From fins and flippers to tails, fur, and claws….
Over the last few months, I’ve been writing a lot about motivation connected to marine mammals. Now, I’ve been introduced to a new position at Kolmårdens Djurpark where I’m able to rediscover this motivation and training strategies with the other zoo animals.
Although the training methods may be the same, working with terrestrial animals presents all new challenges. The biggest difference is creatively testing how far we can go with species who have never been trained in group scenarios before.
The question is, does all this training work the same way? We would guess so. We will only find out by trying, testing different strategies to see what animal responds best to which reinforcement. Can you imagine having a rhino so excited about training sessions that it becomes a completely different animal? It’s a funny way of thinking, but like today, when we were training the rhinos here at Kolmården for a recall, one of the animals just looked at us and made this surprisingly quick response on a given recall to the trainer who gave the signal. Honestly, I still have a lot to learn, but it was amazing for me to see an animal who has the image of being slower, to respond this quickly. The trainers have only been doing this for a little over a week and we can see a clear response from them.
Walking over to the Turkmenian Kulans, where we do the same; training the animals for recall so we can do a presentation about how fast they can run and that they are strictly group animals. We come to the exhibit and all the Kulans are eating together from a bale of hay. They see us and look up at us walking to the outdoor enclosure. The signal is given (three whistles on a soccer whistle). The Kulans take off and come to the position where we gave the signal.
If grazers do just that, eat all day long, what what was the reason for them to leave a bale of hay and come to us, where we gave them just a little bit of pellets?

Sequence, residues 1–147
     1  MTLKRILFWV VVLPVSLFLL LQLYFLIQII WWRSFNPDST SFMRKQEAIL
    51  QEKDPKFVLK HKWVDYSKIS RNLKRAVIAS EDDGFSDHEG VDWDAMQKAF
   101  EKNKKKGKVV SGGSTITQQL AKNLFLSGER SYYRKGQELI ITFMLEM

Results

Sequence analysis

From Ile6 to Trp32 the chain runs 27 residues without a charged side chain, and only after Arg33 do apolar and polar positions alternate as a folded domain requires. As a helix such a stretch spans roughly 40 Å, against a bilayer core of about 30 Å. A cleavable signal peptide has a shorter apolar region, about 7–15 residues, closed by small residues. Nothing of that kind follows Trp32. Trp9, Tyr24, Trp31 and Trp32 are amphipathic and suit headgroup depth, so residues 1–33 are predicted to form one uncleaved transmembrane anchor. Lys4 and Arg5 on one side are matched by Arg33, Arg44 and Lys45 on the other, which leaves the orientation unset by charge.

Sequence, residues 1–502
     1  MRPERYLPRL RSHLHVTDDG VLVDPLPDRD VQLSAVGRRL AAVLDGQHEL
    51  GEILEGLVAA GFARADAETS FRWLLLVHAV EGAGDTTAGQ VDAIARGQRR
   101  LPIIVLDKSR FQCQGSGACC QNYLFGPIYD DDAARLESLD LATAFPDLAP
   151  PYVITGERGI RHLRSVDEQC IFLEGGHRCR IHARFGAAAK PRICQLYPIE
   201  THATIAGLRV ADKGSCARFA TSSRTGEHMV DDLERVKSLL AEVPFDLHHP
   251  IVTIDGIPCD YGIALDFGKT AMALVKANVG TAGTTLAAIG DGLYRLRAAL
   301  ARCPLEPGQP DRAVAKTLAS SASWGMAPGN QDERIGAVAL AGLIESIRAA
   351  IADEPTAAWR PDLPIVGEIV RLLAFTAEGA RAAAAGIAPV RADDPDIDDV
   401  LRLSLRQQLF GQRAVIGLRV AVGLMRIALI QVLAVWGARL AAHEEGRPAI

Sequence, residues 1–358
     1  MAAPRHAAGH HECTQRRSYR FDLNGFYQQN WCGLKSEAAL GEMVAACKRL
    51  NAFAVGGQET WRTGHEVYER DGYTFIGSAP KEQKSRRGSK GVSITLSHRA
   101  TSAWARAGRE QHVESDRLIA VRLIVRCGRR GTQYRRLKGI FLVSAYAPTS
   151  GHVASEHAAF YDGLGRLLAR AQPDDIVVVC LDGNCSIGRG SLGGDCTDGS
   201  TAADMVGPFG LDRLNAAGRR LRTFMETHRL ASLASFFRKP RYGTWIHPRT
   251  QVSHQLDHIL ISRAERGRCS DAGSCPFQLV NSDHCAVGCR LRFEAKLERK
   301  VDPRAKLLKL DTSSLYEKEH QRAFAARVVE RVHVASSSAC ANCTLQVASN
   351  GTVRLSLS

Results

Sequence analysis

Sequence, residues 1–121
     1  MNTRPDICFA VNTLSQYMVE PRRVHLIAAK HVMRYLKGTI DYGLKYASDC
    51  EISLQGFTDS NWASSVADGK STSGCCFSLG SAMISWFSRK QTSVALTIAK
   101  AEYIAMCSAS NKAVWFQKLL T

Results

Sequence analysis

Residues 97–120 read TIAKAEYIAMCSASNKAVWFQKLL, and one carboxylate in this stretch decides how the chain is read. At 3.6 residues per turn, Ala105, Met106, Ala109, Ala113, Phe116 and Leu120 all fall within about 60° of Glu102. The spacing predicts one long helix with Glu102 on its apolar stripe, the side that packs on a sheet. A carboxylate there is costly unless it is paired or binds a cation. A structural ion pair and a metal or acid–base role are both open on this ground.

The answer is fairly simple. The animals will never know what they get on a given recall. The only thing they know is whatever it is, it’s going to be fun. Curiosity takes over and they leave their grazing for something potentially better. Even though it’s not better, they didn’t know this before and this is the perfect example that animals like these are perfectly able to be trained into a mindset of curiosity and leaving what’s safe to them. In this case, their bale of hay.
Its very engaging for me to see animals being motivated by curiosity. As trainers, we think about reinforcements and I believe if we plan it better, we get different and better responses. Animals can get bored by primary reinforcement too. We have to create the “wow” factor. To do that, we have to discover what the animal enjoys most and what is species-specific.
I’ve learned that bears prefer specific foods during different seasons. This means, if they like oranges right now, they may show no interest two months from now. This gives a whole different dimension to trying to discover what the animals want at what moment. If you can decode it, your training will go faster.
Isn’t it beautiful how animals show you their understanding of curiosity? Now, I want to challenge everybody to try this but with only using primaries the animals cannot eat. This may be a tough way to go, but that opens the box for sure.
Curiosity is an engaging part of animal training. From fins and flippers to tails, fur, and claws, it works with every animal. The creativity we give to them and the unexpected could change your way of looking at the animals as well as strengthening your relationship.